Fifteen years ago today, Apple released Mac OS X 10.0, the first public release of the operating system that would become, over the next decade and a half, the software underpinnings for the iPhone, iPad, and Apple Watch.

That future wasn't obvious on March 24, 2001. Apple's attempt at a modern OS -- code-named Cheetah -- was brimming with possibilities but frequently more frustrating than satisfying. "It's not a finished operating system," wrote Macworld editor Jason Snell in his review of Mac OS X 10.0. "[It] doesn't quite work right."

Mac OS X 10.0 install discs

After watching Apple bottom out in the mid-1990s, Mac users welcomed back Apple cofounder Steve Jobs at the end of 1996, who brought with him the NeXT software that would become Mac OS X. But Mac users then had to wait more than four years while Apple engineers worked to bolt a Mac interface onto a Unix foundation. The result was Mac OS X 10.0, a wobbly release missing basic capabilities -- such DVD playback and the being able to burn CDs -- and prone to slowdowns and crashes.

But Mac users wanted to believe that Mac OS X was the way forward. Even the name of the OS became a shibboleth, marking off true believers from the unfaithful. (The "X" in Mac OS X is a roman numeral, not a letter, and those who referred to Apple's new operating system as "Mac OS eks" were viewed as illiterati.)

A handful of machines could run the PowerPC-based OS. Approved models of the time included the Power Mac G4, Power Macintosh G3, iMac, iBook, PowerBook G4 and G3 (except the original PowerBook G3), and iBooks. More limiting, the new OS couldn't be installed on or boot from an external FireWire or USB drive.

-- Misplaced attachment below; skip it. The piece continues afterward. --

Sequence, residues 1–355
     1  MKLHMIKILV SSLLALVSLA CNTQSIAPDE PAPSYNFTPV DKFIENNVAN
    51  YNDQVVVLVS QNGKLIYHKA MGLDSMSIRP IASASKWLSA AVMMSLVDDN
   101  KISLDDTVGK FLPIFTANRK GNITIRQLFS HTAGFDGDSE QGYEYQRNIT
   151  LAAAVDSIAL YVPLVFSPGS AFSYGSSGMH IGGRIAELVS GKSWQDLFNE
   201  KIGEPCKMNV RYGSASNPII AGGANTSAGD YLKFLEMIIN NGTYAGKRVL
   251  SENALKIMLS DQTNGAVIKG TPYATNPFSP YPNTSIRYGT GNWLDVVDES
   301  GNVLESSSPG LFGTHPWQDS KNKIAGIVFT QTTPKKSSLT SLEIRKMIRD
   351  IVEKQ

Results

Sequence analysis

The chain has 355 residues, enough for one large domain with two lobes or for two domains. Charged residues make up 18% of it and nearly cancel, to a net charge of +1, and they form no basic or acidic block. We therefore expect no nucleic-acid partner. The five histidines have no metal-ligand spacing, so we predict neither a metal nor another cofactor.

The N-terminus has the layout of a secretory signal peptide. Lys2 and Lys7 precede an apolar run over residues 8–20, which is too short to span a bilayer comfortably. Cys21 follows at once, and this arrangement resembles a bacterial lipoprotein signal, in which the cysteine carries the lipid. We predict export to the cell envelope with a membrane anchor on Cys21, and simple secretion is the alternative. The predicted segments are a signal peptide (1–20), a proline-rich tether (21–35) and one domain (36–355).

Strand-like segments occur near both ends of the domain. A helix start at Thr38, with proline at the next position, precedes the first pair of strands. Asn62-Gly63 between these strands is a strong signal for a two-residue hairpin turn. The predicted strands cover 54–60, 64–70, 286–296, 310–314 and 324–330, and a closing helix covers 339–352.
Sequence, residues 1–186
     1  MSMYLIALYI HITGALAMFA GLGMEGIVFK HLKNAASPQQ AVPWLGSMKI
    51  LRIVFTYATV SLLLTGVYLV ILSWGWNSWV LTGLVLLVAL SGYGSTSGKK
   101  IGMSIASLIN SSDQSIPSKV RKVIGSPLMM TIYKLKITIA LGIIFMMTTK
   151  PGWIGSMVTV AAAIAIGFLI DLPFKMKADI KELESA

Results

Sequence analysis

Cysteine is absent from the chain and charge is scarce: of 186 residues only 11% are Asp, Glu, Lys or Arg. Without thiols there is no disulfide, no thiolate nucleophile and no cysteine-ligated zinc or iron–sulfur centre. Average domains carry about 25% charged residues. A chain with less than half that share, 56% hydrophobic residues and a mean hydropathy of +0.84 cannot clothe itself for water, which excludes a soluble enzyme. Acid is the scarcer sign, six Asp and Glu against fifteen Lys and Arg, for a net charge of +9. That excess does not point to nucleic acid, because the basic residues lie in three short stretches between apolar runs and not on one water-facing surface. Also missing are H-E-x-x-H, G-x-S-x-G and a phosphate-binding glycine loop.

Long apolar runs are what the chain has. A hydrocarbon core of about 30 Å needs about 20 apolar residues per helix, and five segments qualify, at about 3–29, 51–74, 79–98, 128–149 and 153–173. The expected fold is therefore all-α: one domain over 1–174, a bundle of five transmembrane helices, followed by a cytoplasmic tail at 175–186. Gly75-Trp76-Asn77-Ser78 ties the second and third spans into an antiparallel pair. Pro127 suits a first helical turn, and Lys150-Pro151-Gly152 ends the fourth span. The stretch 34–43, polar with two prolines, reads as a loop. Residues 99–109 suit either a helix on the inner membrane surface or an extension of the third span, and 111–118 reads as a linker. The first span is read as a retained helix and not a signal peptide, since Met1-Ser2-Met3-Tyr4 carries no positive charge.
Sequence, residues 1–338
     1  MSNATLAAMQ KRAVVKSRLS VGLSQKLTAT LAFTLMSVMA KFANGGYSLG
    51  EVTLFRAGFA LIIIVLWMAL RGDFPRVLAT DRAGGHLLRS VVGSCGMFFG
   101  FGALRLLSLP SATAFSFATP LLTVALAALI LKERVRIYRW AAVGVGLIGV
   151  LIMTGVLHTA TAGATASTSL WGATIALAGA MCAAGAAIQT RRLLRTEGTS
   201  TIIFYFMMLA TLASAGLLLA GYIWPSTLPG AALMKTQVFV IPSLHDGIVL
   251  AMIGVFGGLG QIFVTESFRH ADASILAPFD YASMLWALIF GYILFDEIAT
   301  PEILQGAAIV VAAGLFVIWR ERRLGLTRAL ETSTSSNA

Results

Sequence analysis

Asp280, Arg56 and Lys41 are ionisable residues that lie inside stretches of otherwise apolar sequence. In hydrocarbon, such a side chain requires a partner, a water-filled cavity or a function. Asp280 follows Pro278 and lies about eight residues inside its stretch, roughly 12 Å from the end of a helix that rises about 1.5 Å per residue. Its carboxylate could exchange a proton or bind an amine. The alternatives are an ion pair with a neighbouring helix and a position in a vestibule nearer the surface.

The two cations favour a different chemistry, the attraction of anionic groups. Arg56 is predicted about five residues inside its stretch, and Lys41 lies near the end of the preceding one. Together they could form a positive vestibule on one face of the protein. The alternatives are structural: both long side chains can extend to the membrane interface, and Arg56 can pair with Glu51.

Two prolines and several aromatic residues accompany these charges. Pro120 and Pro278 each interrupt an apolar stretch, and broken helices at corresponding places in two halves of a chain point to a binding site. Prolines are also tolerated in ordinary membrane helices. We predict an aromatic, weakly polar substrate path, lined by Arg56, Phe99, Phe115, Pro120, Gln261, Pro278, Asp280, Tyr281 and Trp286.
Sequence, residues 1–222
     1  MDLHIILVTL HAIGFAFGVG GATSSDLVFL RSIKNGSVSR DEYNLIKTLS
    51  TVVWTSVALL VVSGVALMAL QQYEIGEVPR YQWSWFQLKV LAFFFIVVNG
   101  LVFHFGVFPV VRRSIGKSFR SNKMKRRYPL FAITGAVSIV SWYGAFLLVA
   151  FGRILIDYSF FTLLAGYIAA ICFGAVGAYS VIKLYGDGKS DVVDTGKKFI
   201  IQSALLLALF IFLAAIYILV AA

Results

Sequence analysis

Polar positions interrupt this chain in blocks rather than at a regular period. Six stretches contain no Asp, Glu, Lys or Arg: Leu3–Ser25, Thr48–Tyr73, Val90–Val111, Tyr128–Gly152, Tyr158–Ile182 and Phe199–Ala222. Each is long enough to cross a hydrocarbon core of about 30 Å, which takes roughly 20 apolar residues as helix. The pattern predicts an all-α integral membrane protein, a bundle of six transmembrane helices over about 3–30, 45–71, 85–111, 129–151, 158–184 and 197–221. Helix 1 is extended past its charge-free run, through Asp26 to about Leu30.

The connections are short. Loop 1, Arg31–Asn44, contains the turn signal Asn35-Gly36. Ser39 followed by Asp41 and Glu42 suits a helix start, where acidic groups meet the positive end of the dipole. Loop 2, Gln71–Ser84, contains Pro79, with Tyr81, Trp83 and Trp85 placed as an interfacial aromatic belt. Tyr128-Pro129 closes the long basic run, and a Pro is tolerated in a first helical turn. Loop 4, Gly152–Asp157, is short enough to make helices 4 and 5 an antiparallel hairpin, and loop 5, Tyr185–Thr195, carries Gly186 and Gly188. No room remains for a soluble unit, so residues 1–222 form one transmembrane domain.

To help smooth Mac users' transition to the modern operating system, Mac OS X ran in tandem with Mac OS 9.1, which Apple dubbed the Classic Environment. With Classic, users could continue to use their older Mac OS 9.1 application while running Mac OS X.

Apple responded quickly to user concerns, and with the release of Mac OS X 10.1, Puma, in the fall of 2001, Apple has started to fill the gaps.

After that, the improvements came at a steady clip. In 2003, with Mac OS X 10.3 (Panther), Apple added the Safari browser. Mac OS X 1.4 (Tiger), introduced Spotlight. Leopard, the code-name for Mac OS X 10.5 in 2005, had Time Machine and was the last OS to run on PowerPC chips. By the time Mac OS X 10.6 (Snow Leopard) arrived in 2009, the OS was solidly running on the Intel platform, offering a full set of capable apps.

Clifford Colby follows the Mac and Android markets for He's been an editor at Peachpit Press and a handful of now-dead computer magazines, including MacWeek, MacUser, and Corporate Computing.